Oh, and here’s me at the beach recently in a bikini. Old, white, hairy, scarred. I don’t care. I think I look great.

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From the Mouth of the Beast – How Marketing Makes Fools of us All

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In this amazing video you will see a marketing professional explain the techniques they use to get you to buy factory farmed meat and feel okay about it. This illustrates that thing I keep banging on about; the importance of being an informed consumer.

The video is seven minutes long, but feels much shorter. Watch the faces of the people in the audience when they realise what is really happening to them.

 

<iframe width=”640″ height=”360″ src=”//www.youtube.com/embed/mKTORFmMycQ?feature=player_embedded” frameborder=”0″ allowfullscreen>

 

 

Retail Therapy

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I used to work in a department store, where I had a fairly close-knit group of co-workers. One night we were inventing witty alternative movie titles for porn films (you know, like Good Will Humping and Star Whores) and came up with an idea for a skin flick set in a department store. We decided that this miracle of cinematic art should be called Retail Therapy.

I think that turning retail therapy into porn, essentially another mass-produced, unrealistic and exploitative phenomenon, was a concept with a much greater significance than we realised at the time.

So often we buy simply for the sake of buying. For the feel-good buzz of bringing home and unpacking new stuff.

But then afterwards maybe we feel a bit dirty. We wonder if perhaps the money could have been better spent elsewhere.

Don’t get me wrong, I love getting new stuff. Some nice fluffy slippers for winter. A kitchen gadget that revolutionises my cooking. Even a nice new top that makes me feel good when I go out.

When I worked in retail I was put at the head of the Christmas crew. We sold pallets and pallets of cheap, nasty, plastic stuff. Things that people could absolutely do without. All of it optional. All. Of. It. Most of it pointless and disposable. It polarised my view of consumerism and changed how I look at Christmas.

I introduced my concept of a ‘Militant Hippie Christmas’, where every gift was from a sustainable source or created something useful and ongoing. Pots of herbs, hand-made stuffed animal kits. It got a few people thinking.

These days I buy for my close family only. I make home-made hampers for extended family, to a varied reception. I use Christmas as an opportunity to buy something significant and wanted for my partner and children. I probably spend the same amount of money as I used to, but less of what I buy ends up in the bin before the next Christmas.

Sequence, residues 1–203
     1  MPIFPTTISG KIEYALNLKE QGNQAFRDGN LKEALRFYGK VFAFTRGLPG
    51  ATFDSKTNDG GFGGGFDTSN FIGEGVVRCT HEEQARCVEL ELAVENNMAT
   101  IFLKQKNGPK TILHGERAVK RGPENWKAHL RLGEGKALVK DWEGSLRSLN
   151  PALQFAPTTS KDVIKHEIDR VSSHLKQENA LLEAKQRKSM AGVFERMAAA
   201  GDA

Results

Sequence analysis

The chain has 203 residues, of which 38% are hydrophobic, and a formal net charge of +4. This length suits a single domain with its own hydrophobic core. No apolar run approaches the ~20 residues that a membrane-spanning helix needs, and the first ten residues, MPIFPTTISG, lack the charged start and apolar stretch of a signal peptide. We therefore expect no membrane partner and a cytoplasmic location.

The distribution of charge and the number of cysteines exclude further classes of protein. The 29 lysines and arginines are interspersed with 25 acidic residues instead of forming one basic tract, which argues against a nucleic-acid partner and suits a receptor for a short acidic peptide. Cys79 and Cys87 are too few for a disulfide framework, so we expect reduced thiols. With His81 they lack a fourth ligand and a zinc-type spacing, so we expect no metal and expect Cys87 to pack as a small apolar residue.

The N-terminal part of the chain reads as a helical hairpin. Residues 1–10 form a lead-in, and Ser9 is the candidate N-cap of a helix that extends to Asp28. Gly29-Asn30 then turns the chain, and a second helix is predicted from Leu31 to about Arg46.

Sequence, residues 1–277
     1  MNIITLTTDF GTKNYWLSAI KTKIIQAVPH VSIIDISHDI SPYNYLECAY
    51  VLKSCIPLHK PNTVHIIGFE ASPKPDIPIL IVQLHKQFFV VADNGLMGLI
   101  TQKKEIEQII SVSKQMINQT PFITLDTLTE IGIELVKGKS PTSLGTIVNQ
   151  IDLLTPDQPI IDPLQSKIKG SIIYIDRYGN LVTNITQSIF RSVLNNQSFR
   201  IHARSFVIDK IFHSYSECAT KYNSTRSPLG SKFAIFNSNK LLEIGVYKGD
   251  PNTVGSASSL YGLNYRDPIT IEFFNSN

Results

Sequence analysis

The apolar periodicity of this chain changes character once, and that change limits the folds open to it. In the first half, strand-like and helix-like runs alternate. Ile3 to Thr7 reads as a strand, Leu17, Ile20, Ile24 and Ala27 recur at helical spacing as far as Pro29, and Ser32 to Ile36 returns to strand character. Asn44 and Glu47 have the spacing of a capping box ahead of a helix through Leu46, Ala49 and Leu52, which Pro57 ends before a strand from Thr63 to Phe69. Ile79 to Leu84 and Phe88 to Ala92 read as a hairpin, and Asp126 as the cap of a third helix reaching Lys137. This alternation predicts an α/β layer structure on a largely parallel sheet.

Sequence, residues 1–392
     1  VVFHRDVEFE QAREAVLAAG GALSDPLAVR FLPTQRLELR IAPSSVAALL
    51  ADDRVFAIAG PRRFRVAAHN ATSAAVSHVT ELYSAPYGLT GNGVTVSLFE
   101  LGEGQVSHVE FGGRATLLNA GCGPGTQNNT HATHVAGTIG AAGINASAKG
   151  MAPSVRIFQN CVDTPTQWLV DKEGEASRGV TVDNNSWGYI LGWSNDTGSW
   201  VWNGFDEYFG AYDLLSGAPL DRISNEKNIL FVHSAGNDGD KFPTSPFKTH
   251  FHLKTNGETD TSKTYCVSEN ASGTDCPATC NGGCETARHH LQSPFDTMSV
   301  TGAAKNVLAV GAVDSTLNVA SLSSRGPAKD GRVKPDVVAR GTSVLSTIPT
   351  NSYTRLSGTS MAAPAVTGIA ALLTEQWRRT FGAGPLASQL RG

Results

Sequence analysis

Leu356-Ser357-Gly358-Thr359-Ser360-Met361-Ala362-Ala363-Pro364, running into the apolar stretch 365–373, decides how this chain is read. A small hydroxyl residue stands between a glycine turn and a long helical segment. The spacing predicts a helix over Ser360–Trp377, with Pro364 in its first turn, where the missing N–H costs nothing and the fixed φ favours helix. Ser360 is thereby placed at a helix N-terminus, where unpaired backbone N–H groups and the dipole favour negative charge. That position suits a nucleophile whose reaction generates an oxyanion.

As a neo-pagan, I make Christmas palatable as a celebration of family and abundance. This keeps things easy for me in a society that pretty much revolves around a Christian festival and gives me a bit of a platform to comment on the inherent consumerism.

I’m not saying don’t buy stuff. People buying stuff is what makes the world go ’round. Just don’t be a slave to it. It is much easier to appreciate something that will keep on giving, and you will find more value in something useful. This value will be greater still in an item that you get a lot of use and enjoyment from.

Take time to find the right product at the right price. When I needed new ugg boots I waited and looked at my options. I could have lashed out and spent a lot on top-of-the-range slippers, or spent $10 on an imported pair from a discount store. In the end I bought an Australian brand at a great price.

I am not a spender by any means, but I will consider a small purchase to the same level that I will consider a large one. I’ll weigh up the difference between two brands of corn chips in the same way that I will deliberate between two lounge suites. I don’t dismiss the importance of a purchase just because it is only a few dollars.

If you think before you spend, it you ask yourself what value a purchase will have to you, you take a bit of power back from the advertisers who are telling you what to buy. Don’t let advertising sell you things you don’t need. Seek out your own information and learn the difference between being a purchaser and a consumer. Commercialism makes money out of making people think they need stuff. This is unethical. Don’t be one of advertising’s little bitches.

When I gave up commercial TV, I took myself out of reach of the media. I have no idea about current trends. I don’t receive junk mail. I think that disconnecting from the media drip-feed is starting to alter the way I think. It has created a space to identify my own desires and requirements. It has allowed me to differentiate what I actually want and need from what we are told to want and need.